Deku’s friend and rival Bakugo’s name is written using the kanji 爆豪, which literally mean “overpowering explosion,” and his powers are all about blowing things up.

Deku’s name, though, shows an impressive amount of forethought even for a manga series written in a language where a lot of comedy is based on puns.

To really understand this, we need to quickly run through some background of the show.


Deku, the Hero without Powers

In the world of Boku no Hero Academia, many people are born with special powers called “quirks” (個性 or kosei).

While most people with quirks live ordinary lives and have very minor powers, a few become supervillains and a few, like Deku and his friends, strive to become superheroes.

Not everyone in the world is so lucky, though. According to the series’ early chapters, something like 20% of the world’s population is born without a quirk, a situation the series calls “quirkless.”

Izuku Midoriya, alias Deku, is one of these quirkless individuals.

Despite having no powers, all Deku has ever wanted to do is be a superhero like his idol All Might, one of the show’s “golden age” heroes and Deku’s mentor.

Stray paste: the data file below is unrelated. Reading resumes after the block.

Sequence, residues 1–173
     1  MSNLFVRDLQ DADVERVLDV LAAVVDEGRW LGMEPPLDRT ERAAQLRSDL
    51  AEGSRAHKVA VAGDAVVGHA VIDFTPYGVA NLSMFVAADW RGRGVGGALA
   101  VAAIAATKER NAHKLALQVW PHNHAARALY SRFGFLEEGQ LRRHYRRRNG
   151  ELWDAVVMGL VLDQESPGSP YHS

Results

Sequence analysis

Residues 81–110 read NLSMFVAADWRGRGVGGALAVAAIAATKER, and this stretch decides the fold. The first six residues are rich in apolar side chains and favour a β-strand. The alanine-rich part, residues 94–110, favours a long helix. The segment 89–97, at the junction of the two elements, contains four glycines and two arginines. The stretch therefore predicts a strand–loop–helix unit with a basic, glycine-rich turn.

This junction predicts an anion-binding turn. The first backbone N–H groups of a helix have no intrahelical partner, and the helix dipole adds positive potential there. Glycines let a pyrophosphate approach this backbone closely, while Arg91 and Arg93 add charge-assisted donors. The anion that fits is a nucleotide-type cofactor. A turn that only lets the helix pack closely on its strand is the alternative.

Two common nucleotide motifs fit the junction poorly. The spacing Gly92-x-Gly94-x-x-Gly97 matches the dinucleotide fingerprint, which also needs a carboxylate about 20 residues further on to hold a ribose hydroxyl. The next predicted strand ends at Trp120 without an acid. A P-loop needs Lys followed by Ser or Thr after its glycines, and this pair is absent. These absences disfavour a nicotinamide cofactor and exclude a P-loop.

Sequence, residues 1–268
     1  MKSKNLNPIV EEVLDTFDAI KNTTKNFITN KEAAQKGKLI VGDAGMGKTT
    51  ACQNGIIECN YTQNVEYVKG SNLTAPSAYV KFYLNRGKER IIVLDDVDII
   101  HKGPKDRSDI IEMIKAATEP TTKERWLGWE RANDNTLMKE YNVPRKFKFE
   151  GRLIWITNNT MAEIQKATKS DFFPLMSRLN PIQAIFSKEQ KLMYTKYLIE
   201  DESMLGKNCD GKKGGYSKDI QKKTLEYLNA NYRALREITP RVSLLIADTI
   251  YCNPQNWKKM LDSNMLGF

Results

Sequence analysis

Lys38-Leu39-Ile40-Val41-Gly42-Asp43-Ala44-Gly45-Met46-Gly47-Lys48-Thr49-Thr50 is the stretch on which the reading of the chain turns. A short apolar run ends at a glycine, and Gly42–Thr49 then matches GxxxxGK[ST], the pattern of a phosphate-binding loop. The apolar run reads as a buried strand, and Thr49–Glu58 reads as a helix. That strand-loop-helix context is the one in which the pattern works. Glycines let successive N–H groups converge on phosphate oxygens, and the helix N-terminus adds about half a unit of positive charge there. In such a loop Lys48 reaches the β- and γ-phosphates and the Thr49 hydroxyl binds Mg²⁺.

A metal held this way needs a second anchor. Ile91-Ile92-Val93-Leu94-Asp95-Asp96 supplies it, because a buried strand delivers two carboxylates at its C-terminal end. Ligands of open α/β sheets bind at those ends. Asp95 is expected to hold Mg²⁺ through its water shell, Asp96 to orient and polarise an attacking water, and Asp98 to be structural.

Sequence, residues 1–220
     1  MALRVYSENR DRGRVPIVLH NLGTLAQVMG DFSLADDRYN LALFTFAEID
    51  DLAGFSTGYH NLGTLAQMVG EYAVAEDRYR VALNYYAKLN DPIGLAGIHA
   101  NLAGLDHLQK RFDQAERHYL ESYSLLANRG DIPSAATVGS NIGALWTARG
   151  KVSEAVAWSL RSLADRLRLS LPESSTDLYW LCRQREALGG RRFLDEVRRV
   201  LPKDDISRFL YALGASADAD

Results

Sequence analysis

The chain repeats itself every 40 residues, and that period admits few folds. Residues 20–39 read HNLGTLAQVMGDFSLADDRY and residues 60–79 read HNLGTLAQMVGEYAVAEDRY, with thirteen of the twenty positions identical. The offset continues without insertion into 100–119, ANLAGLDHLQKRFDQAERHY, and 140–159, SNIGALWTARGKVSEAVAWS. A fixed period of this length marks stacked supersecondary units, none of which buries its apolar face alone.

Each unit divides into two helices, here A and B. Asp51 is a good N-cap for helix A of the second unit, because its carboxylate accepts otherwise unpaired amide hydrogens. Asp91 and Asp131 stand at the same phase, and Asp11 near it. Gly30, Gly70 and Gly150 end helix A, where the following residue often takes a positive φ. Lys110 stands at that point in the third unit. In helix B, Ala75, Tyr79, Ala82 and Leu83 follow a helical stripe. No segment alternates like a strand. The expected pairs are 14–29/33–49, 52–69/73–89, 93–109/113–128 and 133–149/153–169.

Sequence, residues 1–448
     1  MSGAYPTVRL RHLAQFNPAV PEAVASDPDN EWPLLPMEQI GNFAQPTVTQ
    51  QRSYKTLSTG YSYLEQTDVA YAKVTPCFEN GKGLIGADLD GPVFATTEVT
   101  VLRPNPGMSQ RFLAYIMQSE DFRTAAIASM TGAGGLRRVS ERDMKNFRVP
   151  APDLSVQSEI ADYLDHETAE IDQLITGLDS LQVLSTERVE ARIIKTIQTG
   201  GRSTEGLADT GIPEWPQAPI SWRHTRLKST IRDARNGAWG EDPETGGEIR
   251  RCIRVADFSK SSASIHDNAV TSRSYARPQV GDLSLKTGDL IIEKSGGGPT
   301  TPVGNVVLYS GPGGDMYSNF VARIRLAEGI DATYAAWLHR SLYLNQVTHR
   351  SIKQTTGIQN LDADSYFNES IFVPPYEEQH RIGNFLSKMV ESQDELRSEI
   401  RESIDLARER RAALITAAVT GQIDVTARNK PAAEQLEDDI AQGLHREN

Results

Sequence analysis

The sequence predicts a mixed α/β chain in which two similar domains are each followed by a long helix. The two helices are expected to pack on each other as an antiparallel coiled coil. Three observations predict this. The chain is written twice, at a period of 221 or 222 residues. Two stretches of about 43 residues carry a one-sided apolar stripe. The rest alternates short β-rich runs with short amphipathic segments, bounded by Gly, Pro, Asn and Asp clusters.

When his childhood friend Bakugo is attacked by a supervillain, Deku doesn’t let his lack of powers slow him down.

He immediately runs into action to try and free Bakugo.

Back to the topic at hand, though. If you think about it, the fact that he lacks powers is yet another layer to Deku’s name.

Just like a deku-no-bou doll has no arms or legs, Deku lacks powers, something that most people in his world take for granted every bit as much as limbs.

A lot of Deku’s first character arc in the series is how he struggles to overcome people who dismiss him as useless because he has no quirks.

Even later, when he does get powers of his own, he always strongly values his new abilities and makes sure to never take them for granted.


Where Deku Gets His Superhero Name